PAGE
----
About 7 years ago, I had an encounter with a red fox in January in another area of town. I watched two of them run by as I was walking with my best friend at the time, and then a third appeared and sat only a couple of feet away from us, and even posed for photos, as I happened to have a camera in my purse. I could have reached out and touched it, but chose not to in case I scared it. Also at night.

I have photos of me as a child holding little wild birds that decided to come say hi, and I made friends with the wild rabbits on my dad’s wood lot, even holding the babies as the mother sat watching. But there was something about  this owl that stood out.

Back at the end of July, when I stayed in Haines Junction with my best friend for a few days while she worked, I had an encounter with two owls as well. A young one with an older one. We saw them on our way back to our campsite after driving to Kluane to take photos, and we pulled over to try to get photos. When we did, they were at a graveyard (fitting, I know), and I spent half an hour standing at the fence of the graveyard taking photos of them. The young one kept coming closer, and didn’t leave my sight. We finally had to leave when it became too dark to take decent photos. This also happened to fall on the night of the supermoon that month, which was shining brightly over us as I watched the owls.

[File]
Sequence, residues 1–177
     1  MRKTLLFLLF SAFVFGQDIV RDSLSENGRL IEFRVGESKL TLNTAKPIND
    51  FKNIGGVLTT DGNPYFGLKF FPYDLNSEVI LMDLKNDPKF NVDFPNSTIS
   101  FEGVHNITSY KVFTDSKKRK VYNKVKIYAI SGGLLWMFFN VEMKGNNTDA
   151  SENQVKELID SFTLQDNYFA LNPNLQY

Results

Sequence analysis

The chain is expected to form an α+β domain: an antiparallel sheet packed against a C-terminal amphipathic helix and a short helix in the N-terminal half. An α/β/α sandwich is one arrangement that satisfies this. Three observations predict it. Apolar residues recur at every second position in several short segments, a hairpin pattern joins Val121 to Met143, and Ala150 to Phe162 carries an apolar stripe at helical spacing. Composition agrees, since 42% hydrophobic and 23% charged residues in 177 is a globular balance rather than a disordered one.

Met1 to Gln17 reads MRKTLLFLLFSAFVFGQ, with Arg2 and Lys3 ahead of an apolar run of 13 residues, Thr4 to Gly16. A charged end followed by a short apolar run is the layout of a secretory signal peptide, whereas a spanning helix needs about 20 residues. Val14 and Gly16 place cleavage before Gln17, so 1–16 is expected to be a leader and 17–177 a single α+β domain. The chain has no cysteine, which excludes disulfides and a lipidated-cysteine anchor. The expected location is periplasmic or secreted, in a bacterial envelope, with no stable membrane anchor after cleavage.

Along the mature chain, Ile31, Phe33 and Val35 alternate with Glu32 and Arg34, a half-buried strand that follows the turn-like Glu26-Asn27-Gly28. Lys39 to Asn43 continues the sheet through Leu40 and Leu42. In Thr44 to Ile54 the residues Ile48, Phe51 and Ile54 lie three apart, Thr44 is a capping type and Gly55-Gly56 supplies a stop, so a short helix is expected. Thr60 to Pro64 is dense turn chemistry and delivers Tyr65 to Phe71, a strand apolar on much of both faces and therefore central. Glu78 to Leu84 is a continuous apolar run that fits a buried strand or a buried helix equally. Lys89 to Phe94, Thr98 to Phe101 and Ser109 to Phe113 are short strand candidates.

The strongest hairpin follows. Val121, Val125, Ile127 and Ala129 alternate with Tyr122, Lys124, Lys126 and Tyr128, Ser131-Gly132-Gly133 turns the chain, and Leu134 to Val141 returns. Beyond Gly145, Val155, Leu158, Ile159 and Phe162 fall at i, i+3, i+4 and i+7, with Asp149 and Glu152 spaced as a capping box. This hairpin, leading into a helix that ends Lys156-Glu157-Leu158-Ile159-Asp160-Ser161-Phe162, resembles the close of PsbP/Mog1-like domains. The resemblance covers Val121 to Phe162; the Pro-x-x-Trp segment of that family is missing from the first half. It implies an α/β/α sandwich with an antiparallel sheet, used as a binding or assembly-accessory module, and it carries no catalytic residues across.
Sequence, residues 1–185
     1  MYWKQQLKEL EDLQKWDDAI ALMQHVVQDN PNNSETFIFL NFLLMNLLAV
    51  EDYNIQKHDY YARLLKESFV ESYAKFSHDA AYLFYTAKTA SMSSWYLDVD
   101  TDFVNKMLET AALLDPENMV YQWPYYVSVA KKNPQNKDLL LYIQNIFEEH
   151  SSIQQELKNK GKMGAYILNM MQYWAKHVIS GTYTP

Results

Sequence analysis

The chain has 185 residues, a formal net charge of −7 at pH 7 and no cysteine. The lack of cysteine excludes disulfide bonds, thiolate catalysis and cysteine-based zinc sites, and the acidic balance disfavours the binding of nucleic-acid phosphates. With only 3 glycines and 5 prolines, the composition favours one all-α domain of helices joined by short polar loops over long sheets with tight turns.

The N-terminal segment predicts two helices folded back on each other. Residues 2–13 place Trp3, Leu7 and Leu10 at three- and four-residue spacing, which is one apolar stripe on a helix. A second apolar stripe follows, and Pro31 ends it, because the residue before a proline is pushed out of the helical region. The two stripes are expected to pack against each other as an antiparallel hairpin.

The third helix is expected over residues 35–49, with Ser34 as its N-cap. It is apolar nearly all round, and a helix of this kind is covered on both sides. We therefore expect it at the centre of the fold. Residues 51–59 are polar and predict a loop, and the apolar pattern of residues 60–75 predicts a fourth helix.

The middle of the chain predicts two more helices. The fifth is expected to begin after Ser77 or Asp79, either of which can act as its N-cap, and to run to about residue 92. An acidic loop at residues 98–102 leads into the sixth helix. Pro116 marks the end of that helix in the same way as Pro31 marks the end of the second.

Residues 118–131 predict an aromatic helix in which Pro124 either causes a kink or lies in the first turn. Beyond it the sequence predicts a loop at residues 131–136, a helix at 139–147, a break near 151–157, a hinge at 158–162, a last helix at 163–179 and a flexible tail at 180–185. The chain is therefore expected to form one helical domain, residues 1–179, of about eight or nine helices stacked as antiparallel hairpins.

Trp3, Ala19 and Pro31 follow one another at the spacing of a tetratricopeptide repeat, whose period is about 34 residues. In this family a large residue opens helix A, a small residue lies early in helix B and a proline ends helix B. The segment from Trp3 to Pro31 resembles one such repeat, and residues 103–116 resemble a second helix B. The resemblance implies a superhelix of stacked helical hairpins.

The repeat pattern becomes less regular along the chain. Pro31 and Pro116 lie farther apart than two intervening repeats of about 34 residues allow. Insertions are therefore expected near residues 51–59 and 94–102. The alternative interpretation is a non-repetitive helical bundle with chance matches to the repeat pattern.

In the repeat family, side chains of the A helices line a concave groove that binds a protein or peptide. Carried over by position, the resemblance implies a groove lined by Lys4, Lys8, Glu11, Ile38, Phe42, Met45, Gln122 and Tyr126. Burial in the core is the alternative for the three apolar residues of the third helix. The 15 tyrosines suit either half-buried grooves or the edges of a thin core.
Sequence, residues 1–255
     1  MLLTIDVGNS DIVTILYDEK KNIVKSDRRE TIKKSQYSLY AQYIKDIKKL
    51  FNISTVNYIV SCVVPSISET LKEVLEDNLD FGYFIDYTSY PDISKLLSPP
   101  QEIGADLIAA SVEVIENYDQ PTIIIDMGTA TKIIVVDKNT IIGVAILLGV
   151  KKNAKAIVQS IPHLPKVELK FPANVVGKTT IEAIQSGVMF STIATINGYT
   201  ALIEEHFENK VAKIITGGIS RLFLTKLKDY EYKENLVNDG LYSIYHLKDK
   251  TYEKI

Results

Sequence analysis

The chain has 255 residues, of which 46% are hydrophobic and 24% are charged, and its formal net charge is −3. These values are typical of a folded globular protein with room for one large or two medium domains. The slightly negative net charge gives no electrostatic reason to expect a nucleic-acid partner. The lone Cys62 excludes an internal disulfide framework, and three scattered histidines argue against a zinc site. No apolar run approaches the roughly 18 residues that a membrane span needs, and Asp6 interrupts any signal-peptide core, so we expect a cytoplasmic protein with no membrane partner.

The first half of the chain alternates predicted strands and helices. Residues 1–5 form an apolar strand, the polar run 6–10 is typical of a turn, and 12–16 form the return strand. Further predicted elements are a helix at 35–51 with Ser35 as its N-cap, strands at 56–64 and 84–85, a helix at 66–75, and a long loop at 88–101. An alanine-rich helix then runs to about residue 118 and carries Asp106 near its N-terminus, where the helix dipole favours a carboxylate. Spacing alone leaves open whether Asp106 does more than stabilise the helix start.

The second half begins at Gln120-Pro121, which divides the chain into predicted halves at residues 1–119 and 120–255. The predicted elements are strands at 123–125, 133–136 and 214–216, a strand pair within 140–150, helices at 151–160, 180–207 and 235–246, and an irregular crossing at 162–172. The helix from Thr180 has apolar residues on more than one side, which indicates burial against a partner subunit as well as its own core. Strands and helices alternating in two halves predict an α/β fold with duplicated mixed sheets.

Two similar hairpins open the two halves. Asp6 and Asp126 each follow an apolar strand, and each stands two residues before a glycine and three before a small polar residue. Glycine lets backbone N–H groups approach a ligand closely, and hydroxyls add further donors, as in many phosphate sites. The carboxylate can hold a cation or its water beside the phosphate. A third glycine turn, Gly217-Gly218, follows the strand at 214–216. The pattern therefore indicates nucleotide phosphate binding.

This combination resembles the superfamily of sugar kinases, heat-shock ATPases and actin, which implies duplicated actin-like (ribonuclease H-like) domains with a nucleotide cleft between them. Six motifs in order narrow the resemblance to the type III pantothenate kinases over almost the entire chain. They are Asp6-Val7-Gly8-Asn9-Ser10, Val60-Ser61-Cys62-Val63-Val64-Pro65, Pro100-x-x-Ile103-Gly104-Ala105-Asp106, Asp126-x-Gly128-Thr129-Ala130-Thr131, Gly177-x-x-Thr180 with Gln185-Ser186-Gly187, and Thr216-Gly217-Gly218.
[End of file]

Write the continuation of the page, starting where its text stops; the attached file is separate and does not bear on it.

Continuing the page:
There was also a raven that made itself at home in the campsite anytime I was there alone, and was actually pretty awesome company aside from the whiskey jacks, the dog, and the woodpecker that kept coming back. Not to mention the bats that apparently only really hung out when I was there. (You’ll all come to learn that bats are one of my favourites as well, and I have a HUGE soft spot for them.)

Maybe these encounters were just by chance, but they felt different at the time, like they were more significant somehow. I’ve been seeing owls constantly for months now, and I see them everywhere. And I do mean living owls, not just images of them. I would pay no mind, but I don’t think I’ve ever seen so many owls in my entire life as I have this summer and autumn. There was an even stranger encounter involving a little brown bat during my stay in Haines Junction, but I will leave that for some other time, as it’s not quite as happy as some other things I’ve mentioned. Still extremely significant, but not for today’s post.


One of the owls I made friends with at the graveyard in Haines Junction, YT

So are any of you spiritual people? Do you believe in animal guides, or signs from some unknown force? Do you believe that there is some significance in seeing certain animals, especially repeatedly? Let me know, as I’d love to hear some experiences from other people as well.

Between Love and Death, the debut novel from Kimberley Crawford’s Love and Death Series, is scheduled for release on December 9th, 2015.